One might think that Jesus did not act very wisely with all that He said to the people of Capernaum about eating and drinking His flesh and blood. If this were merely a metaphor for having faith in Him, why not just say that? Why risk turning the people away with such easy to misconstrue words? Well, the answer is in the rest of the story.
First of all, as Saint John tells us, Jesus knew from the beginning that many there in Capernaum did not believe in Him. They followed after Him because of the miracles He performed, rather than the truth of the Father’s love that He proclaimed. He, therefore, was not risking anything when He said to them, “Whoever feeds on my flesh and drinks my blood has eternal life, and I will raise him up on the last day.” When the offended unbelievers depart from Him, Jesus asks His disciples, the Twelve, “Do you want to go away as well?” Simon Peter answers Jesus by saying, “Lord, to whom shall we go? You have the words of eternal life, and we have believed, and have come to know, that you are the Holy One of God.” They know that Jesus would not lie; they know that what Jesus says is true, even if it is difficult to understand, or runs contrary to human reason.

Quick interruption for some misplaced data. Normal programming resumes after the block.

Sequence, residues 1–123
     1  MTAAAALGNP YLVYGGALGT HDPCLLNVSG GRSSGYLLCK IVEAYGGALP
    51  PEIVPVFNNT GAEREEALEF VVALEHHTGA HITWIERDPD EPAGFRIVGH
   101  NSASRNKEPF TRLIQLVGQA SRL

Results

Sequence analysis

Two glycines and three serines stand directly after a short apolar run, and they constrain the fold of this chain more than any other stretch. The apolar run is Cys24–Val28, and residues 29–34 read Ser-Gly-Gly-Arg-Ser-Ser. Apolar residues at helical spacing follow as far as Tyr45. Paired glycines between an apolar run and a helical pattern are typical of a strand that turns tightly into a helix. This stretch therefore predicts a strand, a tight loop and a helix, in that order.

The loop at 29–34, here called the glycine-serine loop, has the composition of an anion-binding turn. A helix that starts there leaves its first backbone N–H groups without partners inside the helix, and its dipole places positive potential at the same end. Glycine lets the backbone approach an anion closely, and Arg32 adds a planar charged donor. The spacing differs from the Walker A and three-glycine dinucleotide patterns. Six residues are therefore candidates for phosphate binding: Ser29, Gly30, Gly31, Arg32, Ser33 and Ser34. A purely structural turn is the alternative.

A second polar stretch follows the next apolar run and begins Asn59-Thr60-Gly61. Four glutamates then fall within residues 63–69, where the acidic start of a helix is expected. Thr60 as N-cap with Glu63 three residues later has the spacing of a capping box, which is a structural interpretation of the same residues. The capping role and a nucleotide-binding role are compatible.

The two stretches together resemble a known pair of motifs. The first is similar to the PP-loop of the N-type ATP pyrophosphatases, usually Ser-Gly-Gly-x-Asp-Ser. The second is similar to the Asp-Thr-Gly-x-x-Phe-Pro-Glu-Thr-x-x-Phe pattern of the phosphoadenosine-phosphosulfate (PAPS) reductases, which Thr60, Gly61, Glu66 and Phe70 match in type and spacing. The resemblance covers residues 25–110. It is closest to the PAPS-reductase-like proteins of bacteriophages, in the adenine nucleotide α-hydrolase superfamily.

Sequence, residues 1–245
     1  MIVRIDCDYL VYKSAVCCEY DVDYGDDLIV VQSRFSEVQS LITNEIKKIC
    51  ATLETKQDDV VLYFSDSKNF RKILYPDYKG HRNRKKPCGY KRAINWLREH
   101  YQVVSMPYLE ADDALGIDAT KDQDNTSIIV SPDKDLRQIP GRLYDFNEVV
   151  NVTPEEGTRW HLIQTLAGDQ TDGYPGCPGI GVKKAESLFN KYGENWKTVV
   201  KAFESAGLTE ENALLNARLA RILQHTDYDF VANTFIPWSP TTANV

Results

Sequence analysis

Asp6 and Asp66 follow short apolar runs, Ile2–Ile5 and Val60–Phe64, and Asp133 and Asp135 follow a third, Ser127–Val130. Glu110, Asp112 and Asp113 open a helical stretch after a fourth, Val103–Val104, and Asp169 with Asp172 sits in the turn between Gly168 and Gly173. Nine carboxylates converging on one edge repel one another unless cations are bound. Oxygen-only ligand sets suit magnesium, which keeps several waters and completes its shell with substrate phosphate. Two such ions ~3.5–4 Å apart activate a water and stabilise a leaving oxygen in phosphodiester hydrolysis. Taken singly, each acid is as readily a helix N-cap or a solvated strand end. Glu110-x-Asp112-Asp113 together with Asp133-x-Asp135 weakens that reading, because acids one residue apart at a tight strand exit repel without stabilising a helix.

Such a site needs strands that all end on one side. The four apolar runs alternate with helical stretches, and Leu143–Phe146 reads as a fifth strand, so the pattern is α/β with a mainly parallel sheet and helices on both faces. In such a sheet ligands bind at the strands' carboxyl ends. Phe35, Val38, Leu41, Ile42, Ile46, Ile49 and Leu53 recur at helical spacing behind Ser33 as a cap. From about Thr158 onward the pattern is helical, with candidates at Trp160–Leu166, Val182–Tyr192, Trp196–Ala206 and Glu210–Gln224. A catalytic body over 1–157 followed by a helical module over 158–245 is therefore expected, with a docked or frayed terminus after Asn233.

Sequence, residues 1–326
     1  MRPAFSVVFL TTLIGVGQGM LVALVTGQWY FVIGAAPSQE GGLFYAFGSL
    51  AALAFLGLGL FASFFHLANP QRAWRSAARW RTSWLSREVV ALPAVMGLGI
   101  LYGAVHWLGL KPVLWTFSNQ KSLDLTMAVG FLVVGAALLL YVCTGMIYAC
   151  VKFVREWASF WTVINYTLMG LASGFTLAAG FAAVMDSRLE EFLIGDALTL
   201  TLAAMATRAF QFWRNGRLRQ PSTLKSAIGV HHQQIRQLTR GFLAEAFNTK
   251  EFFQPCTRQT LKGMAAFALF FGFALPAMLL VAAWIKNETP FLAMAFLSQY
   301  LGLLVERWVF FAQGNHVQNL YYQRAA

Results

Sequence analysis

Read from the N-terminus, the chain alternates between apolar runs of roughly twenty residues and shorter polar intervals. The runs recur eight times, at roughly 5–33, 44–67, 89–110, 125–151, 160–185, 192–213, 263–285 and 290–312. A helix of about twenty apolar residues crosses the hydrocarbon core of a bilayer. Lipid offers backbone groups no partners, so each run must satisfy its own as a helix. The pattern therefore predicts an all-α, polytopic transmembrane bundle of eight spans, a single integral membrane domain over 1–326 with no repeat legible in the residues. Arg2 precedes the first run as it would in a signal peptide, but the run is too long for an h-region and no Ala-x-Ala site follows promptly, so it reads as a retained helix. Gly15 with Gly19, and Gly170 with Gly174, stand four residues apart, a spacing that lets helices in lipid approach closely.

The second and final piece of the rest of the story is that, even though speaking about eating His body and drinking His blood was, at the time, a metaphor for having faith, Jesus is here pointing to a time when it would be much, much more than a metaphor—when He would give to His Church the holy Sacrament of the Altar in which, through faith, we sacramentally eat and drink His true Body and Blood—sacramentally, meaning in a way that is absolutely real and true, but beyond our understanding. Our reason may want us to doubt it, but our faith says, “Lord, to whom shall we go? You have the words of eternal life.” In the Sacrament, you behold by faith the salvation that Jesus earned for you on the cross with His innocent suffering and death, and how He gives this eternal blessing to you through His Word and Sacraments. As Paul Harvey would say, “And now you know the rest of the story.” In Christ Jesus, our true bread who comes down from heaven and gives life to the world. Amen.